In related research, Lin et al. from the University of South Florida (Tampa) and the Fujian University of Traditional Chinese Medicine (Fuzhou) prove that acupuncture alleviates pain, at least in part, by regulation of microglial cells. Lin et al. demonstrate that acupuncture reduces “microglial and astrocytic proliferation coupled with improved functional recovery after SCI [spinal cord injury] …. acupuncture exerts a remarkable analgesic effect on SCI by also inhibiting production of microglial cells through attenuation of p38MAPK and ERK activation.” [13] Their study finds “clinical evidence demonstrating that acupuncture is capable of producing analgesia in neuropathic pain by suppressing microglial activation.” Funding for the research was provided by the US Department of Defense, University of South Florida Neurosurgery and Brain Repair, and the James and Esther King Biomedical Research Foundation. Lin et al. also note that acupuncture prevents damage to structures of the brain. The researchers note that electro-acupuncture reduces oxidative damage to the hippocampus by “preventing microglial activation.”
Lin et al. note that their research is not isolated. The researchers cite several examples demonstrating that specific therapeutic biochemical reactions are stimulated by acupuncture. One citation presents hope for integration of acupuncture into conventional medical protocols for the purposes of pain management. Lin et al. note that University of Maryland (Baltimore) researchers conclude that, “Electro-acupuncture blocks pain by activating a variety of bioactive chemicals through peripheral, spinal, and supra-spinal mechanisms. These include opioids, which desensitize peripheral nociceptors and reduce pro-inflammatory cytokines peripherally and in the spinal cord, and serotonin and norepinephrine, which decrease spinal N-methyl-d-aspartate receptor subunit GluN1 phosphorylation.” [14]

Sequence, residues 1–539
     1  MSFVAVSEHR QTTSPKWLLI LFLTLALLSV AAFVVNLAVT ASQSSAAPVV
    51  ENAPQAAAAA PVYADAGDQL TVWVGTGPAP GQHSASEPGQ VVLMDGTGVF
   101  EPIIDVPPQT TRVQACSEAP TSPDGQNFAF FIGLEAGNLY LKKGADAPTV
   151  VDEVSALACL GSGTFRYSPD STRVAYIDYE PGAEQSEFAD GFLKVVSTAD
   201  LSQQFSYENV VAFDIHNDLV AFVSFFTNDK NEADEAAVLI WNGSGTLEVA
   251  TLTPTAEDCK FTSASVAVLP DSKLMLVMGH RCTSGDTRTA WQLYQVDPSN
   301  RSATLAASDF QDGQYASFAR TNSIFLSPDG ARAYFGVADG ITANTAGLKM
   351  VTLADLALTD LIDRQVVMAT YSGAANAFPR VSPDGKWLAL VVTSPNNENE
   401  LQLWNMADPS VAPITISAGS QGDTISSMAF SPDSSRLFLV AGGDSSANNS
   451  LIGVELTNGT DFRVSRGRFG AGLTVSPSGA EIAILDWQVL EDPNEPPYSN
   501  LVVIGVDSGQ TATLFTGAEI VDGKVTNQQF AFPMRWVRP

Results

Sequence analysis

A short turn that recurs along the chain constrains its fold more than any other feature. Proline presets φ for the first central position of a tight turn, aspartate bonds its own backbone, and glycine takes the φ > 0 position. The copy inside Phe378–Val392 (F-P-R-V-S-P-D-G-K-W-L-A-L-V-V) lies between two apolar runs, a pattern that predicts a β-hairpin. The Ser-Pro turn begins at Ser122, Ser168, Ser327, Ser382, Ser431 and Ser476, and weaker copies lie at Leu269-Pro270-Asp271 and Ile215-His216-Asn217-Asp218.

The aforementioned research gives us important scientific measures regarding the specificity of acupuncture point stimulation. Scientists demonstrate that acupuncture produces biological responses that are both anti-inflammatory and analgesic. The objective data quantifies specific actions and helps us gain a greater understanding as to how acupuncture exerts beneficial responses.

1 en.wikipedia.org/wiki/Tumor_necrosis_factor_alpha
2 en.wikipedia.org/wiki/Tumor_necrosis_factor_alpha
3 HD Lim et al., “Anti-Inflammatory Effects of Acupuncture Stimulation via the Vagus Nerve,” PloS one. 11, no. 3 (March 19, 2016), accessed February 3, 2017, pp 4-5. ncbi.nlm.nih.gov/pubmed/26991319